Validation of Stenosis Assessment by Coronary Artery Computed Tomography Against Invasive Measurements of Fractional Flow Reserve in Patients With Significant Coronary Artery Stenoses

This study has been completed.
Sponsor:
Information provided by:
Piedmont Healthcare
ClinicalTrials.gov Identifier:
NCT00817102
First received: January 2, 2009
Last updated: April 14, 2014
Last verified: April 2014
  Purpose

This study will evaluate the effectiveness of CorCTA by comparing the results of the test with another imaging method called Fractional Flow Reserve (FFR), which is done as a part of the cardiac catheterization.


Condition Intervention
Coronary Artery Stenosis
Procedure: FFR, IVUS, VH, or combination of the three

Study Type: Interventional
Study Design: Intervention Model: Single Group Assignment
Masking: Open Label
Primary Purpose: Diagnostic

Further study details as provided by Piedmont Healthcare:

Primary Outcome Measures:
  • The CT-derived endpoints: Study lesion %DS predicting FFR<0.75; %AS predicting FFR<0.75; MLD predicting FFR<0.75; Study lesion MLA predicting FFR<0.75; IVUS-derived endpoints: Study lesion MLD predicting FFR<0.75; MLA predicting FFR<0.75 [ Time Frame: Upon completion of tests ] [ Designated as safety issue: No ]

Enrollment: 25
Study Start Date: November 2008
Study Completion Date: April 2013
Primary Completion Date: November 2011 (Final data collection date for primary outcome measure)
Arms Assigned Interventions
CorCTA
Fractional Flow Reserve (FFR), Intravascular Ultrasound (IVUS), Virtual Histology (VH) or some combination of these three procedures
Procedure: FFR, IVUS, VH, or combination of the three
Fractional Flow Reserve (FFR), Intravascular Ultrasound (IVUS), Virtual Histology (VH) or some combination of these three procedures will be completed during the cardiac catheterization procedure.

Detailed Description:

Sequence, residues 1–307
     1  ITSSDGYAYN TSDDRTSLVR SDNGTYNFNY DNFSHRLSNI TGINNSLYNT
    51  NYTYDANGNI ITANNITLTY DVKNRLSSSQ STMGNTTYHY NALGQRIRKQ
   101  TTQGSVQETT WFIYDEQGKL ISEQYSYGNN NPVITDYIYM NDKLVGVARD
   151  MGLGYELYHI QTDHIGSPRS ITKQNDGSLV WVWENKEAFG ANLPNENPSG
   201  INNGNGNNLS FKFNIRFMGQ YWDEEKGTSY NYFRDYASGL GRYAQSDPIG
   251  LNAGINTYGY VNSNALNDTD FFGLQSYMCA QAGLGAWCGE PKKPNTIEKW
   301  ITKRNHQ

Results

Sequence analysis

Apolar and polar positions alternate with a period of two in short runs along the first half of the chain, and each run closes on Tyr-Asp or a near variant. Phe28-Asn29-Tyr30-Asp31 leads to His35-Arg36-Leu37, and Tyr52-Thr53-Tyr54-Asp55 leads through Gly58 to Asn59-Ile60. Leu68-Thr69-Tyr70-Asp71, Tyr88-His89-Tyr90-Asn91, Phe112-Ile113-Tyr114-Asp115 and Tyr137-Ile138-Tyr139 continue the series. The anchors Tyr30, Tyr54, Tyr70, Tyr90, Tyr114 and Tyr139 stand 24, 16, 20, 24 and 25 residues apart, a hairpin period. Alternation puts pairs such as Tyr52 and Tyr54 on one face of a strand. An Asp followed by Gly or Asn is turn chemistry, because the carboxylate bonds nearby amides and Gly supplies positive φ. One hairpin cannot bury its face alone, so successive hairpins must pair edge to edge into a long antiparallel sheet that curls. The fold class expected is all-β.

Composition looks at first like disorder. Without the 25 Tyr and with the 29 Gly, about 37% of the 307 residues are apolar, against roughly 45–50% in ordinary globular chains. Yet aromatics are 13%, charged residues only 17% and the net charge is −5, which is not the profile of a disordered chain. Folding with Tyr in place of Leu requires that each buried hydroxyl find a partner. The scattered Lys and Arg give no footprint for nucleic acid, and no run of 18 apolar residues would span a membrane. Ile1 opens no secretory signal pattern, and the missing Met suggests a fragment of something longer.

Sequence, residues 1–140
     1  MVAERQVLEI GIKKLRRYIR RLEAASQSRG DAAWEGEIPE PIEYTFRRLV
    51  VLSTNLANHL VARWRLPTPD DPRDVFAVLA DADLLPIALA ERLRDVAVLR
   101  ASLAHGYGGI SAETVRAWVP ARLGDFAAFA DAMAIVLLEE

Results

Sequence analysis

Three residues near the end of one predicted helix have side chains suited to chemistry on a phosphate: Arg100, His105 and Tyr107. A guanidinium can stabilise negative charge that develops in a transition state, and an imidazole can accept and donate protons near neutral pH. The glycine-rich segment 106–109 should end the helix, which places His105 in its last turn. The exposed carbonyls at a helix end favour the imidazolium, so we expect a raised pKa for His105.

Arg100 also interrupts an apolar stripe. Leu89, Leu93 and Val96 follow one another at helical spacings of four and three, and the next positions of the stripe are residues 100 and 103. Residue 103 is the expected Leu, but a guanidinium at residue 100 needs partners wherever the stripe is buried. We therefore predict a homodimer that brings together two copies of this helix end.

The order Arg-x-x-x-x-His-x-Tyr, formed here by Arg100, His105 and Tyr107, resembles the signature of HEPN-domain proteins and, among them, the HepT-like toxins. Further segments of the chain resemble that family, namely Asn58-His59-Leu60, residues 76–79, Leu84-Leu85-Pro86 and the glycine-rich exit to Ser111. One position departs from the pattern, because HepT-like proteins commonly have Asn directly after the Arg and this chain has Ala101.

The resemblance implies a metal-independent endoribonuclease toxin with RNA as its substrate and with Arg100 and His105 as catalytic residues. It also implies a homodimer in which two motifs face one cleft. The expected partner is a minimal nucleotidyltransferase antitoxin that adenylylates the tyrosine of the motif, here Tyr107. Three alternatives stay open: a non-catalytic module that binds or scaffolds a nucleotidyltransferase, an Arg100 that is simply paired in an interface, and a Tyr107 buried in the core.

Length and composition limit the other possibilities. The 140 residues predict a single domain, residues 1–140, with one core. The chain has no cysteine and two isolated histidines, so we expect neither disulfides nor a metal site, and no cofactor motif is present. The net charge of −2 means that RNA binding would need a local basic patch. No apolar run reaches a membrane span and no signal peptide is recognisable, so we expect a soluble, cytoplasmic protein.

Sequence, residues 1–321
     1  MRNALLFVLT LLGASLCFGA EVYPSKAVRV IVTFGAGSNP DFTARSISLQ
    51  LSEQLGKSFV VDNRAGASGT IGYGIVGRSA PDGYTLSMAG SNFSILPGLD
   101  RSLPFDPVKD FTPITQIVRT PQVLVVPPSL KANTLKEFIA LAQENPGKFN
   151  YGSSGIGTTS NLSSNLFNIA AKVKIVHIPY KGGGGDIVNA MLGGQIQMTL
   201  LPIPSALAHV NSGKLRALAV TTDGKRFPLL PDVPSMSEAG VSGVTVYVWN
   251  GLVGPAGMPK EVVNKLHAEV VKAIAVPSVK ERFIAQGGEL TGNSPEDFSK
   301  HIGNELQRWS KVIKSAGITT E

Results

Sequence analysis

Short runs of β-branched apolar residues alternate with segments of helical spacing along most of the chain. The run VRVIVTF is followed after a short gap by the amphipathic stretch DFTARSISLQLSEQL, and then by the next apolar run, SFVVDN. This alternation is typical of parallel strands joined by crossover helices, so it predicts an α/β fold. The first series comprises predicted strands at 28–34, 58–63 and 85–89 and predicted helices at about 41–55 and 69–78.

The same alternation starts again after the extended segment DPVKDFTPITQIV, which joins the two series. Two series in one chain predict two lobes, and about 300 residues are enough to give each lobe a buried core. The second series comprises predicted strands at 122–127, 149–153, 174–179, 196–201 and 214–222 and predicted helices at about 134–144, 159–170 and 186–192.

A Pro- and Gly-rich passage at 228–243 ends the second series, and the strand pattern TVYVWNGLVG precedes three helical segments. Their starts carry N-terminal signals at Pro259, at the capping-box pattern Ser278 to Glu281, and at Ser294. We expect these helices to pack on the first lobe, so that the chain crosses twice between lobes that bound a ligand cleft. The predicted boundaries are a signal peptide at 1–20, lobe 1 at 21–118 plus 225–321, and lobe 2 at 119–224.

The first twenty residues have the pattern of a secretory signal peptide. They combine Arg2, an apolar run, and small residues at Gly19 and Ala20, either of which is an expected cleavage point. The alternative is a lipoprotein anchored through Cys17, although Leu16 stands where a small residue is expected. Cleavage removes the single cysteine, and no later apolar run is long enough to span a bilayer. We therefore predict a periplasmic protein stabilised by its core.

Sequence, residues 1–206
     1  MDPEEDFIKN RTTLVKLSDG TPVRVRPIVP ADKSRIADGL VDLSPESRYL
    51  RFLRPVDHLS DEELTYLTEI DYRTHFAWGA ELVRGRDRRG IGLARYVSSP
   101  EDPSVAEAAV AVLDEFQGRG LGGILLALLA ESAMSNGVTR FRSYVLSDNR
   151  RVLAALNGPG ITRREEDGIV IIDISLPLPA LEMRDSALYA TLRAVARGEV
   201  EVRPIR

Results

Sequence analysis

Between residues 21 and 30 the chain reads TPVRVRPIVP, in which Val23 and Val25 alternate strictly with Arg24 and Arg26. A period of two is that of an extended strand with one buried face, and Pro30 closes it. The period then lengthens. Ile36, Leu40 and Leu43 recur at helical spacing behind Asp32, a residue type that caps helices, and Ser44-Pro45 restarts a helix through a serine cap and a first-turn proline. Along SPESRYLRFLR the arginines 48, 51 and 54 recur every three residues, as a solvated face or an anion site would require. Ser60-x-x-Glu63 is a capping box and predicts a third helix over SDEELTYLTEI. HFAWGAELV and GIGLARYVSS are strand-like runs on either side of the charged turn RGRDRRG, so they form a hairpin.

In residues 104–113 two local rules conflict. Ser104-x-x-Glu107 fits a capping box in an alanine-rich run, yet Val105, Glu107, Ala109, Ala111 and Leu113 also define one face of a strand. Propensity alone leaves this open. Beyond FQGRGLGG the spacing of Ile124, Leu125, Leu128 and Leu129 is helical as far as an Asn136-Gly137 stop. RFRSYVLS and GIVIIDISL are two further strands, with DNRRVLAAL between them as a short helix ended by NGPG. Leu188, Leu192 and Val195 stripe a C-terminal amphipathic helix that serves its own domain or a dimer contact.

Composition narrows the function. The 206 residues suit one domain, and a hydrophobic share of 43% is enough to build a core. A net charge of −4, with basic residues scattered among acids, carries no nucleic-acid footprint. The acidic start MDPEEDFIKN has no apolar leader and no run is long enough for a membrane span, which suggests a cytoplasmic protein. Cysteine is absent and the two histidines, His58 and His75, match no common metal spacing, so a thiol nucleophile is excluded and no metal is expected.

Invasive X-ray coronary angiography remains the "reference standard" for the evaluation of coronary artery stenoses. Recently, coronary artery computed tomography angiography (CorCTA) has been introduced as a non-invasive method for the evaluation of coronary artery stenoses and has been shown to be highly accurate in stenosis detection when compared to invasive X-ray angiography. While invasive X-ray angiography and CorCTA evaluate morphological features of coronary arterial plaques, fractional flow reserve is an invasive measure of the hemodynamic significance of a stenosis obtained in the catheterization laboratory by measuring changes in intracoronary arterial pressure before and after maximal vasodilation induced by intracoronary adenosine. An FFR value less than 0.75 has been shown to predict ischemia in vascular beds distal to the stenosis by radionuclide perfusion modalities and has been shown to be associated with worse outcomes. Therefore, FFR is considered to be an invasive hemodynamic "reference standard" for the evaluation of the hemodynamic significance of coronary arterial stenoses. While intravascular ultrasound (IVUS) can provide additional morphological information in intermediate stenoses, it can not provide further functional information and cannot be used in more significant stenoses as the IVUS probe cannot be advanced through stenotic lesions.